Getting Employees to Report Near Misses

Discipline is a double edge sword—necessary to enforce safety policies but also a potential chilling effect on the reporting of dangerous conditions. Near miss reporting is an excellent example of the negative impact discipline can play. Here’s the problem and a Best Practices solution for resolving it.

Why You Need Employees to Report Near Misses

In the course of conducting an injury investigation, nothing is more frustrating than to learn that the same circumstances that led to an injury resulted in prior incidents that went unreported by employees because accidents were narrowly missed and nobody got hurt. You hear: “That guard has been loose for two weeks;” or, “I slipped on that same spot yesterday;” or, “that’s been malfunctioning for 3 days.”

It just makes you want to scream. If only the people working in and around the area who knew of the danger had said something to you, action would have been taken and the injury could have been prevented!

Why Near Misses Go Unreported

One common reason employees are reluctant to come forward and report near misses is they fear discipline—against both themselves and their co-workers. Keeping the incident to themselves is thus a self-defense mechanism as well as a way for employees to protect colleagues and not be branded as a “snitch.”

Other reasons for failure to report near misses include:

  • Employees don’t recognize the event (incident) as a near miss that needs to be reported. “I didn’t get hurt – so nothing actually happened,” the thinking goes.
  • Reporting takes time – time that no one has. “I have to write a report for this?”
  • Employees don’t know how to report near misses or who to report them to.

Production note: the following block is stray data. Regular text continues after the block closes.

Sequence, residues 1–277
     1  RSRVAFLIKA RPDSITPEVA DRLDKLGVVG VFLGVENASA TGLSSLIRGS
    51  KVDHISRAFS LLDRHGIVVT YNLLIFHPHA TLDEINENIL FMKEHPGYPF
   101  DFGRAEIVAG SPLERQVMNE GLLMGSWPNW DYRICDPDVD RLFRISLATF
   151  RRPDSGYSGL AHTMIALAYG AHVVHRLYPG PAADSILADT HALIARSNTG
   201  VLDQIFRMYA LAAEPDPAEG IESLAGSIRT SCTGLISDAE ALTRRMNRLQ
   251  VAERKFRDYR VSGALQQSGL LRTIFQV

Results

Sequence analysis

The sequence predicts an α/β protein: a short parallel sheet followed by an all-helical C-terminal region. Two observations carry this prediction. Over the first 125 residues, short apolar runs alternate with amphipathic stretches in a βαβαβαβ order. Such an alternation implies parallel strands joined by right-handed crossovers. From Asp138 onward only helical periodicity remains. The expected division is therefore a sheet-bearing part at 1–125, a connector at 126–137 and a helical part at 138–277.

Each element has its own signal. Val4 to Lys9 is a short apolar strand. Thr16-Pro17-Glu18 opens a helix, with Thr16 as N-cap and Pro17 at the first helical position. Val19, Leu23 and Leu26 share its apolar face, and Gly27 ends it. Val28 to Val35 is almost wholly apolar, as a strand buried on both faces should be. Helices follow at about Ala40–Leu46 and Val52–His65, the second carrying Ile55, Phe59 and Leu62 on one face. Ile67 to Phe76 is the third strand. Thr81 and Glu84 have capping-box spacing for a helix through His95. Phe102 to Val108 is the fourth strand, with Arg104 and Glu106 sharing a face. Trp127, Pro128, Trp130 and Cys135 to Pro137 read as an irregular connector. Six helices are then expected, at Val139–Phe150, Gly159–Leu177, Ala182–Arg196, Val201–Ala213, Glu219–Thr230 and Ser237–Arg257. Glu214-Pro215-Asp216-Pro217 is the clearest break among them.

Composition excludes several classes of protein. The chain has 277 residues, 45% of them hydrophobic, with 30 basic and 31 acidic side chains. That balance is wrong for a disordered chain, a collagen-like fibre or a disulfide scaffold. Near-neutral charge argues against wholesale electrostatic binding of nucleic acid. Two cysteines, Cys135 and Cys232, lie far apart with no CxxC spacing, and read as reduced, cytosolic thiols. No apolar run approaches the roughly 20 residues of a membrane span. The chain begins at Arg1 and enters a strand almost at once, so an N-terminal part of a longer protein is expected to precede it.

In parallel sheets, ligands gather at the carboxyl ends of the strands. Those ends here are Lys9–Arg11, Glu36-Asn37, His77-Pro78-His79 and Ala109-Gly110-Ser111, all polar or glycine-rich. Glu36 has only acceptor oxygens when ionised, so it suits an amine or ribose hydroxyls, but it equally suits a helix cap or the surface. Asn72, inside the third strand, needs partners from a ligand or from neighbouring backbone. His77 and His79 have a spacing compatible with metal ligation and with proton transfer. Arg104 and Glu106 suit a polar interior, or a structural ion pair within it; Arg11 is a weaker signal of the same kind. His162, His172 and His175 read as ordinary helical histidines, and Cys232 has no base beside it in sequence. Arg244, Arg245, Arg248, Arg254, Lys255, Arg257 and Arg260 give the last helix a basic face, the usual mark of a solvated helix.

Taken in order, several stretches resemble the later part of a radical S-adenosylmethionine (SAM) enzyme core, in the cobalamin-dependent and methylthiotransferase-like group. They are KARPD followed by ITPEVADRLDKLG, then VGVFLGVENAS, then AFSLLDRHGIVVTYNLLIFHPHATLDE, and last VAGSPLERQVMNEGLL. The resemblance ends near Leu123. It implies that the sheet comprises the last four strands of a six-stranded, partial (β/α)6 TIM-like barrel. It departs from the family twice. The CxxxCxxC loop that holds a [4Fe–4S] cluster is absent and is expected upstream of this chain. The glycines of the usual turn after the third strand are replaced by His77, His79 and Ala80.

Overcoming Reluctance

Everyone – managers, supervisors, and especially the folks working on the floor – needs to be educated so that a red light goes off in their heads when they witness a near miss. They need to understand that the same conditions, unless addressed, are likely to result in future incidents and that the next time it might lead to actual amputations, broken bones, head injuries or even fatalities. And they need to understand that the situation might not be addressed, unless they report it.

Supervisors play a key role in education and awareness building efforts. They need to instill the urgency of reporting the near miss into everyone.

5 Ways to Get Employees to Report Near Misses

Here are 5 steps you can take to obtain this valuable information:

  1. Require that all incidents be reported immediately.
  2. Expand the definition of incident to include not only injuries and illnesses but also near misses and hazards.
  3. Educate employees about what constitutes a near miss and why they’re to be reported. Employees need to know that reporting a near miss is a Good Thing!
  4. Make it easy for employees to report a near miss.
  5. When an employee reports a near miss, thank them and use their input to remedy the situation.

Case Study: NOW Health Group

The above advice is based on the actual experiences NOW Health Group, Inc., in the NOW Foods, Inc. division. The company manufactures and distributes nutritional supplements and health foods worldwide. Its main manufacturing, distribution and corporate office location encompasses over 400 people. It also has smaller strategic distribution sites, as well as about a dozen retail locations.